SINGAPORE - Mr Abu Bakar Maidin, special adviser and former president of welfare group Jamiyah Singapore, has died.
The 86-year-old was warded last week for a lung infection, but his condition worsened and he succumbed to the illness on Tuesday evening in hospital. He leaves behind his 78-year-old wife, five children, nine grandchildren and two great-grandchildren.
His fourth child, current Jamiyah president Mohd Hasbi Abu Bakar, said his father was discussing Jamiyah's future even in his last days. "My father was telling us how Jamiyah can further help the poor and needy in society," he said.
Mr Abu Bakar was frequently lauded for his commitment to providing care to the underprivileged in Singapore, regardless of race, language or religion.
He took up the reins of Jamiyah in 1970 and helmed it for 40 years, building it up from a group with 190 members and just $5.60 in the bank to more than 35,000 members today. Its various programmes currently help more than 4,000 beneficiaries, about half of whom are non-Muslim.
Under Mr Abu Bakar's charge, public clinics were set up offering free medical and legal services. Jamiyah's four current homes and eight education centres were also set up during his time.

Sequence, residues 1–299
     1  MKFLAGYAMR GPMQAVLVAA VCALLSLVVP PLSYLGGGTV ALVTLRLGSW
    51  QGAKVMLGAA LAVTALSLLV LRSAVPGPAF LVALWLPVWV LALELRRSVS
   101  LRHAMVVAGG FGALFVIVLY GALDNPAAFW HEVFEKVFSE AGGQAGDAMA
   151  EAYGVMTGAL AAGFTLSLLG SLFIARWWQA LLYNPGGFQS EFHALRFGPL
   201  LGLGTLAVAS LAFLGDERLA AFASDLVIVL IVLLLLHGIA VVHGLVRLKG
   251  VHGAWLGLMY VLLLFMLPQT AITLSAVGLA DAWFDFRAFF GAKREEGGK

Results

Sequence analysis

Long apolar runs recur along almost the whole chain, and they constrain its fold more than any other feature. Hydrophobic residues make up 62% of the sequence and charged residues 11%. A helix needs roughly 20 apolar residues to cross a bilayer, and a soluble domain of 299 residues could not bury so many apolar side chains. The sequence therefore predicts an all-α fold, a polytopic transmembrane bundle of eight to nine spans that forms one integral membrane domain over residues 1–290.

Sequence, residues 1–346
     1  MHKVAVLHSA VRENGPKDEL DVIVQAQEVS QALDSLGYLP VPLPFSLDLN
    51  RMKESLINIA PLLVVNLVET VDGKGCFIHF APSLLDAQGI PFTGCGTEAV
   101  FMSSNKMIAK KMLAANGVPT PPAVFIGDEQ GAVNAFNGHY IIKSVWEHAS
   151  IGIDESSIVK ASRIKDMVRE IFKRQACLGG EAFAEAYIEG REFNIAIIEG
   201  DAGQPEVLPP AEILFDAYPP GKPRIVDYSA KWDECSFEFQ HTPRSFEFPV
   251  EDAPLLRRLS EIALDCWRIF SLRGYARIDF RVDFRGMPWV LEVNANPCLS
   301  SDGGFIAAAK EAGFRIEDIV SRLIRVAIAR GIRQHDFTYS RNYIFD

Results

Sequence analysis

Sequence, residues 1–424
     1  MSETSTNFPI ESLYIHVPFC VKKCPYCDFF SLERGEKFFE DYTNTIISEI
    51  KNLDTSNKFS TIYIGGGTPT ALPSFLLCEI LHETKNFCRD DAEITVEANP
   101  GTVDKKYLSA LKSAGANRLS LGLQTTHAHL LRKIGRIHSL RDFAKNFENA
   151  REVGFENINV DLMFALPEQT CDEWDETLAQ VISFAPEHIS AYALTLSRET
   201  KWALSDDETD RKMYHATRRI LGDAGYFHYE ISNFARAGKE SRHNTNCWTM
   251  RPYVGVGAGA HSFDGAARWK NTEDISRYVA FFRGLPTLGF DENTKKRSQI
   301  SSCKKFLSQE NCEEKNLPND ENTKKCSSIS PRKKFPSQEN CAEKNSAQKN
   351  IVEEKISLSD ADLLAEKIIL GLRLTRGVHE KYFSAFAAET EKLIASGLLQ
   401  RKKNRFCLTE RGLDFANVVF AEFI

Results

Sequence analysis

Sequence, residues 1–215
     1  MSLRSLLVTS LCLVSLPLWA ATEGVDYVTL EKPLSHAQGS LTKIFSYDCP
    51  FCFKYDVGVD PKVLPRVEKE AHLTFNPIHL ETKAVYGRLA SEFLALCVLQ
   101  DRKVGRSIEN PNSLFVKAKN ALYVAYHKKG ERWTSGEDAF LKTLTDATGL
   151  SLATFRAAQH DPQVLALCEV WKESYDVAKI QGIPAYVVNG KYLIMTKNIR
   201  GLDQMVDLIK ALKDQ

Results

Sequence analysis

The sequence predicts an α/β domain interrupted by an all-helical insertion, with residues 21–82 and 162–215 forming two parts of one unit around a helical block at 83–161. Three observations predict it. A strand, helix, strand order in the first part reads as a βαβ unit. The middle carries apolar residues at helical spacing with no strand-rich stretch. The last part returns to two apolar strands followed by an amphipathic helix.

During Jamiyah's 80th anniversary dinner last year, Prime Minister Lee Hsien Loong noted that the Malay-Muslim missionary organisation had used its educational programmes, through centres such as the Jamiyah Kindergarten and Jamiyah Business School, to assist in social mobility.
In his speech, Mr Lee also credited Jamiyah's achievements to Mr Abu Bakar's strong leadership, calling him a "role model" not just for the Malay-Muslim community, but for many other Singaporeans in social and community work.
In the years just before Mr Abu Bakar stepped down, he still worked 12-hour days, going to work by 8am and packing his days with meetings.
Even when his four-decade long leadership ended, he continued serving Jamiyah as an executive consultant, and was named special adviser just last month.
The community leader won the President's Social Service Award and the Public Service Award, and also served on the Presidential Council for Minority Rights.
Said Dr Mohd Hasbi: "My father was a great man, who patiently served the community. He gave his heart and soul to community services."
Get a copy of The Straits Times or go to straitstimes.com for more stories.